Like the college professor he is, Dr. Bernard Anderson, member of the National Urban League President’s Council of Economic Advisors, came to this weeks "Putting America Back To Work" forum with three points he wanted those gathered to take away with them.
- The depth and breadth of the economic crisis has worsened, increasing racial disparities, and threatening to wipe out gains made towards reducing those disparities in the 1990s.
- The unemployment crisis reflects a structural change in our economy. The link between job creation and economy growth has been weakened. Economic growth no longer results in job creation. Thus in recent recessions we have experienced the phenomenon of "jobless recovery."
- Direct public job creation is imperative to economic recovery.
All three points could serve as a starting point for discussion, and the relationships between them aren’t hard to understand. But Dr. Anderson’s second point stuck with me, as I left the forum on Tuesday, as the first point seemed to be a symptom of the second, and the third point was necessitated by the second.
The link between job creation has been weakened. Economic growth no longer results in job creation.
Except that I’d say the link between job creation and economic growth is near the breaking point, because in our Bizarro World economy, growth is becoming more closely linked to job reduction, as The Washington Independent’s Annie Lowrey explained in two simple statistics:
Wondering what’s behind those recent jobless recovery numbers?
1. Fortune 500 companies tripled their profits to $391 billion in 2009.
2. They also slashed their payrolls by more than 800,000 jobs.
It brings up a question, regarding Dr. Anderson’s thesis: When the private sector is unable to create sufficient jobs, then the government must. Should this be amended to "When the private sector is unable or unwilling to create sufficient jobs…"?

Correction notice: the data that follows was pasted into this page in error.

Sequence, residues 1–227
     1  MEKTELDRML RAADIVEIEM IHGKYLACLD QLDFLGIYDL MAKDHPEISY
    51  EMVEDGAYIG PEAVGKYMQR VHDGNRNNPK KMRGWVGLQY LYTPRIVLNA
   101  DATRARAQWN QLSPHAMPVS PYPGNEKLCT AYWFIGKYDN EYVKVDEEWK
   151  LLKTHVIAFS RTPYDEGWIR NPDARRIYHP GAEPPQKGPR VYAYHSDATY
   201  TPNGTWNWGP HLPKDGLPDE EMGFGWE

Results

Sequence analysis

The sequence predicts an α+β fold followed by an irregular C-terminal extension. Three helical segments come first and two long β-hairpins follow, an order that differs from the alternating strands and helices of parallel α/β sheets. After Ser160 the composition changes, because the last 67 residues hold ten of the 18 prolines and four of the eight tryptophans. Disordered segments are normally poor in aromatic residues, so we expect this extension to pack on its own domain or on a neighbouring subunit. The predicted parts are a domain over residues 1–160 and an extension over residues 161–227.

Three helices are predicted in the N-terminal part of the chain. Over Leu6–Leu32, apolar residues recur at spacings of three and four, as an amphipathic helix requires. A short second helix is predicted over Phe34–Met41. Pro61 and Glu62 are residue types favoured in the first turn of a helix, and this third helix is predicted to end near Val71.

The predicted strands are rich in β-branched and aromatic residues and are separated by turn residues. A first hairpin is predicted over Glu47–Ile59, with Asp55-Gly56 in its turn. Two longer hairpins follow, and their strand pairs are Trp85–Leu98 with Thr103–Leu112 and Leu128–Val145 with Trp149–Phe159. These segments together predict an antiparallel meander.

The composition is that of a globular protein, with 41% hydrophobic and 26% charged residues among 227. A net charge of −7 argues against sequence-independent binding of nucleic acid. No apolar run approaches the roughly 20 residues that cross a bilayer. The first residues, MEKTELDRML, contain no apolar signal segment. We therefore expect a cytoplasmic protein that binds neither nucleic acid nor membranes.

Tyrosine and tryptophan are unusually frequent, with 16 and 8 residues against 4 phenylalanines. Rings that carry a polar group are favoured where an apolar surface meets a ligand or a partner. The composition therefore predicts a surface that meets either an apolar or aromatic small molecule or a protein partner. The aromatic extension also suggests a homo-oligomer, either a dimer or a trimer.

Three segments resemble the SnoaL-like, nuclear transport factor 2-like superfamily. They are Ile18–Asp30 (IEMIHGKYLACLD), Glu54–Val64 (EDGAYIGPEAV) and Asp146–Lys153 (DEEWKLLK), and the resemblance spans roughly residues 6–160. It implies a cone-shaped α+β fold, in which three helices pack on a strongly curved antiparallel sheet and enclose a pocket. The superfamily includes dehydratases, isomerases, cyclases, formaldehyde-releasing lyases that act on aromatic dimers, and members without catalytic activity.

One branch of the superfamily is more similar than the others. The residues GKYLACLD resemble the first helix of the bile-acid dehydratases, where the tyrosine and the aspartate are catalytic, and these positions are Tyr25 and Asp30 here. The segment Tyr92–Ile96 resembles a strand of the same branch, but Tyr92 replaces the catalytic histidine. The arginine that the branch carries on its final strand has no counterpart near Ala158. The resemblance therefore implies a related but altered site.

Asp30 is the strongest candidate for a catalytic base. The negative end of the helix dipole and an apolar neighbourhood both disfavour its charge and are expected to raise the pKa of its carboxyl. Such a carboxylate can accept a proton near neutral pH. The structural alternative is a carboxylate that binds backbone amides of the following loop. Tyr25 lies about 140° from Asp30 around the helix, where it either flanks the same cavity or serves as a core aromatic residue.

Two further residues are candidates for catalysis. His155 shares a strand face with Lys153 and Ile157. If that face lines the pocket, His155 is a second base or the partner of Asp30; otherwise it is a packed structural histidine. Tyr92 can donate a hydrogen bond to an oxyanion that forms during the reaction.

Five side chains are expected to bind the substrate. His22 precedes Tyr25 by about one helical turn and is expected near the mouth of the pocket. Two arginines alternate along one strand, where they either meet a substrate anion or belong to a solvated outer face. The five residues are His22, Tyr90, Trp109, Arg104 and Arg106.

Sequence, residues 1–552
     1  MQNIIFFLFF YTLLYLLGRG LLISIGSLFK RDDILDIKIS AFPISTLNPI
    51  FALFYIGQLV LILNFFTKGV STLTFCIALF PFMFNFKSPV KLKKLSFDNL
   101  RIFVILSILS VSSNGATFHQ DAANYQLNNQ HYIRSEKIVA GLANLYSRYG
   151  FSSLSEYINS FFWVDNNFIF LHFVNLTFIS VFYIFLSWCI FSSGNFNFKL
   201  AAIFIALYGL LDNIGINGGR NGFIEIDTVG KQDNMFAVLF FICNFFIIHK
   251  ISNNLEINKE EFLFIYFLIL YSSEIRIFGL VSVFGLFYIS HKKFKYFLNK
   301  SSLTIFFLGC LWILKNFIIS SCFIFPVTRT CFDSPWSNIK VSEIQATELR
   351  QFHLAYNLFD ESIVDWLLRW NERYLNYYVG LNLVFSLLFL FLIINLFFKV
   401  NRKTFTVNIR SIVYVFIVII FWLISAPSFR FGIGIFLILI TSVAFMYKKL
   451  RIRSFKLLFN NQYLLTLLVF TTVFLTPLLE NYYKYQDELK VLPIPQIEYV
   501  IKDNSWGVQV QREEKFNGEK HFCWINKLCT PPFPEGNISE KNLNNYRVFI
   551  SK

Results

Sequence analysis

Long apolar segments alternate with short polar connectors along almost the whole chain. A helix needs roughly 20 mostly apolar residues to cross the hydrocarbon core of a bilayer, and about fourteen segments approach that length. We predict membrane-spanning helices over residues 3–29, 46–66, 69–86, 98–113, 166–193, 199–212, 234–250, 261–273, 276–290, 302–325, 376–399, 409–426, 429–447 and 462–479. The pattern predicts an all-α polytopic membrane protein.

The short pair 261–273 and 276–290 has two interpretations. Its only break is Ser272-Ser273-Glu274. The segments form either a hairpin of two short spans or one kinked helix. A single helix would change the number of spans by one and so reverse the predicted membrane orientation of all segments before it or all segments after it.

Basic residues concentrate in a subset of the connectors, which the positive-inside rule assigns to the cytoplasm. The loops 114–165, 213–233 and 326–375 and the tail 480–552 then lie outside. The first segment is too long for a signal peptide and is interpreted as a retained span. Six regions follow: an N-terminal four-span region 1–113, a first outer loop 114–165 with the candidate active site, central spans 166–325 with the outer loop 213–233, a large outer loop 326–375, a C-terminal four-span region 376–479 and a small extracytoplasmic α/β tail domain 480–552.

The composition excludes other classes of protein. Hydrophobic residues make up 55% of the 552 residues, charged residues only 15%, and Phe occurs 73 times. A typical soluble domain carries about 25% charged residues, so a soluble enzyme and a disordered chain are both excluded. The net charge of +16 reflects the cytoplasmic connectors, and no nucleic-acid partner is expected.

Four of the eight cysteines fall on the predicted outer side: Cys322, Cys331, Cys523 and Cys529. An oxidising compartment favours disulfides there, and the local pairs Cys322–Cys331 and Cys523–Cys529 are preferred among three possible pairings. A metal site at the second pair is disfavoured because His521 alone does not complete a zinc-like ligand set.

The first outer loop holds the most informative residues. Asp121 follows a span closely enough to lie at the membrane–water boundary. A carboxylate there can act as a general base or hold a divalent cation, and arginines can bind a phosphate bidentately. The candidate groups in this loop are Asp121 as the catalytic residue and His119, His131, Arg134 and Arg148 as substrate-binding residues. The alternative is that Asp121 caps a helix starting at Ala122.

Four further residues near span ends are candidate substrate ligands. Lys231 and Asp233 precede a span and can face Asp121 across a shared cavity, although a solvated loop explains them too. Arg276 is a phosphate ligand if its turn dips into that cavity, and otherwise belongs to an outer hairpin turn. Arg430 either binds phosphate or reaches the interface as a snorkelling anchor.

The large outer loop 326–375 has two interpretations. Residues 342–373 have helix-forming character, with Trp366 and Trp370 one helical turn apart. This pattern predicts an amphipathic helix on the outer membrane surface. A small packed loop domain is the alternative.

Despite suggestions that "jobless recovery" might now be a misnomer, due to slight rises in the number of jobs added (162,000 in March and 290,00 in April). But, according to a report from the U.S. Conference of Mayors — echoed by Dr. Anderson — the unemployment crisis won’t even begin to abate for until 2013. That means that at the current rate, if we do nothing, the unemployment rate will stay at or above 10% through 2013. Of course, that’s an abstract number. According to Paul Krugman, the new OECD Economic Outlook predicts that by the end of 2011, the unemployment rate will still be at 8.4%. Another study, from economists at Rutgers, puts the elimination of the "jobs deficit" (a term I think should be used more often) as far off as 2017.
Erasing this deficit will require substantial and sustained employment growth. Even if the nation could add 2.15 million private-sector jobs per year starting in January 2010, it would need to maintain this pace for more than 7 straight years (7.63 years), or until August 2017, to eliminate the jobs deficit! This is approximately 50 percent greater than the length of the average post-World War II expansion (58 months).
To understand what it means on the community, familial, and individual level, you need to hear the stories of people who are facing job loss and loss of jobless benefits, with nowhere else to turn — people who have worked their whole lives, only to find themselves abandoned in an economy that doesn’t care if their working or not. If the Fortune 500 is doing well, the economy is doing well — or well enough, at least — whether Americans are working or not. (That apparently goes for mid-level Wall Streeters, too.)
That’s precisely because of the structural change in our economy that Dr. Anderson was getting at, which is at the root of the current jobless recovery and the economic anxiety it’s brought to many Americans.
This anxiety accurately reflects both the long- and short-term downward trajectory of work in America. As the U.S. economy has moved from a substantially unionized manufacturing base to a non-union service-sector workforce, working-class incomes have stagnated or declined. In the current downturn, those new college graduates able to find jobs often fail to find ones commensurate with their education. Northeastern University economist Andrew Sum calculates that only 51 percent of college graduates under 25 work in jobs that require a college degree, the New York Times reported on Tuesday.
Of course, no one at any point on the political spectrum has a complete prescription for what ails the American economy. But we do know how to preserve and create enough jobs to keep a recession from becoming a depression and, more particularly, how to keep still-reeling state and local governments from deepening the downturn by laying off thousands more workers. We did just that last year: The Obama stimulus Congress passed last winter saved or created what most economists estimate to be roughly 2 million jobs. For that matter, every major nation enacted a Keynesian stimulus last year, preventing a return to the agony of the 1930s.
We did it, as I mentioned before, in the 1970s.